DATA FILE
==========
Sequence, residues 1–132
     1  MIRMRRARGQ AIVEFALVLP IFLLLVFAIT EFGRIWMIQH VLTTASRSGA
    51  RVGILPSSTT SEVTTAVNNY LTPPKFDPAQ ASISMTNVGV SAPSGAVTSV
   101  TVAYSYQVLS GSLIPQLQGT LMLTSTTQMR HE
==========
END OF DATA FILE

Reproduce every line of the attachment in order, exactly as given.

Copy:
Sequence, residues 1–132
     1  MIRMRRARGQ AIVEFALVLP IFLLLVFAIT EFGRIWMIQH VLTTASRSGA
    51  RVGILPSSTT SEVTTAVNNY LTPPKFDPAQ ASISMTNVGV SAPSGAVTSV
   101  TVAYSYQVLS GSLIPQLQGT LMLTSTTQMR HE